Happy days with Ben and Beech

We had no dog when we moved to Greenock. Annabel and I gradually wore Mum down till she said yes, so I bought a copy of Kennel Club Magazine and found a breeder of Golden Retrievers who had a three-month old dog pup for sale. He sent us a copy of the pedigree and Annabel and I were impressed with the number of Champions in it. The breeder brought the pup from Lanark and he was ours. I can’t remember what he cost, probably not more than £5. We called him Golden Benjamin in the KC registration but he was Ben to us. He was the best ever, didn’t need any training, always behaved beautifully and was much loved. Mum was sure he always knew when I got off the bus from Kilmacolm. He would lie by the door, then whine when he heard me outside. I usually took him for a good walk accompanied now and again by a wee boy called Peter whose parents were neighbours. He would come to the door and say to Mum: Is Chrissie coming out? What he really meant was: Is Ben coming out! He liked to hold the lead and walk beside Ben, a nice wee lad he was.

After about nine years, we thought Ben seemed to be thinner although he still ate well. I noticed a slight swelling on his side when I was brushing him, which became more noticeable quite quickly. He didn’t seem to be in pain but I took him to the vet. He said it was a tumour, which he investigated. His opinion was that Ben should be put to sleep sooner rather than later, and after a week or two we knew he was right. I’m ashamed to say I couldn’t face it. Annabel was the brave one and her boyfriend Jim went along to support her. The house seemed strange without him. We still had Beech, a lovely wee ginger cat Annabel had been given by a class mate. The day she brought him home, she put him on the dresser and Ben put his head up to look at this funny wee creature – who immediately scratched his nose! He bore no ill-will, and before the day was over Beech was swinging on his tail and snuggled up with him in his bed, the greatest of friends.

Copper 1954

Copper 1954

We had another dogless spell, then one night when I was walking home from the bus I passed the Pet Shop. Or rather – I didn’t pass it! In the window was a tiny puppy, black with touches of tan, not unlike Heather. Naturally I went in to say hello to the owner of the shop, having become well acquainted over the years. The Pup was 10/- ( 10 shillings – 50p, but worth a lot more than now) and I couldn’t leave the poor wee thing all alone, so money changed hands and he was ours. Mum was horrified and said: Daddy will make you take it back! However Annabel and I were crafty. I found a box and we put an old towel in it and left it beside Dad’s chair, knowing well if he picked the pup up we were home and dry. He was as soft as butter and a dog-lover. So she became Copper to match Beech, and they got along nicely. I don’t know how this has become an advertisement for the glory of dogs which was not my intention when I began, but as Copper was our final one before we both left our parents’ home I shall stop here. Jock, Mac, Dandy, Heather, Ben, Copper and Beech the cat – these names remind us of countless happy days.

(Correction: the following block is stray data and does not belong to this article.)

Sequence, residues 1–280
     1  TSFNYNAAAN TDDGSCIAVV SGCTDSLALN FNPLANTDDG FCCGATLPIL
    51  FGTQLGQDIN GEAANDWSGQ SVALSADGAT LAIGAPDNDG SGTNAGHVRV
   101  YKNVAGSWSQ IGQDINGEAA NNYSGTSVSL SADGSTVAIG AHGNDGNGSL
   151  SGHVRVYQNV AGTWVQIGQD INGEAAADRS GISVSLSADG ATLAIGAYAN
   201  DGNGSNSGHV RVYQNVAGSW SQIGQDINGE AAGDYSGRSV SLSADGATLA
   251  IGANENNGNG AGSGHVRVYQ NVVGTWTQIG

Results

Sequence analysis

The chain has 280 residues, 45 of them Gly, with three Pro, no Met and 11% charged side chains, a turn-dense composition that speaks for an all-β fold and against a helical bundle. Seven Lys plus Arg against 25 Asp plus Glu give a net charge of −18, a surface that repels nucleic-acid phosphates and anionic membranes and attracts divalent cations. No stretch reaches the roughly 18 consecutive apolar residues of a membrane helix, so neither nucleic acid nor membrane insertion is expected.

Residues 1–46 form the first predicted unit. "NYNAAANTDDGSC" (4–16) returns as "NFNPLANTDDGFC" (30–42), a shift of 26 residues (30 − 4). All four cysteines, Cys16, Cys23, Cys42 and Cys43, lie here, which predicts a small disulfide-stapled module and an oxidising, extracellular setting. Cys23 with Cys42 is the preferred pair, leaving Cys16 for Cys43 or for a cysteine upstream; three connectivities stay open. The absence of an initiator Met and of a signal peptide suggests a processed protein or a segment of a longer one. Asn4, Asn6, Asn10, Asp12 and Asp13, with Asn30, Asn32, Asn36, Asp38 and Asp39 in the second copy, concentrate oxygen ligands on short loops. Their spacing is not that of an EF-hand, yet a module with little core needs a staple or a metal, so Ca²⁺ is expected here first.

2 thoughts on “Happy days with Ben and Beech

  1. Ah dogs! They trigger so many memories, don’t they? Mum used to talk about the disgraceful mongrel who followed her brother home one day in 1942 and stayed, much loved by my uncles and despaired over by mum, who was bringing them up as my Gran was out to work after my grandpa died in 1940. She vividly recalled him (the dog) peeing into a picnic basket on the beach one day (they lived on the north Kent coast then) and the owner chasing my mum when he realised. When I was born we had a boxer called Rusty who gave birth to a litter when I was about two. Rusty didn’t survive long but we kept a boy pup whose pedigree name was Punchenello Tillingdown but Punch to us. He was a huge male boxer who was a soppy as a wet sponge and drooled about the same amount. His head was made of granite (I ran into it often enough) and he loved playing with my brother and me I our paddling pool. He died when I was about 15 and I can still remember the day I came down to breakfast to hear the devastating news. We didn’t have another dog after that, not until we acquired a rescue mutt in 1998. They add so much to a family. Thanks, as ever, for bringing back the memories especially of mum.


  2. Enjoyed your doggy memories. Tough looking dogs often seem to be as soft as butter! It’s the wee terriers (Terrors!) that can be surprisingly militant! Good wishes to you


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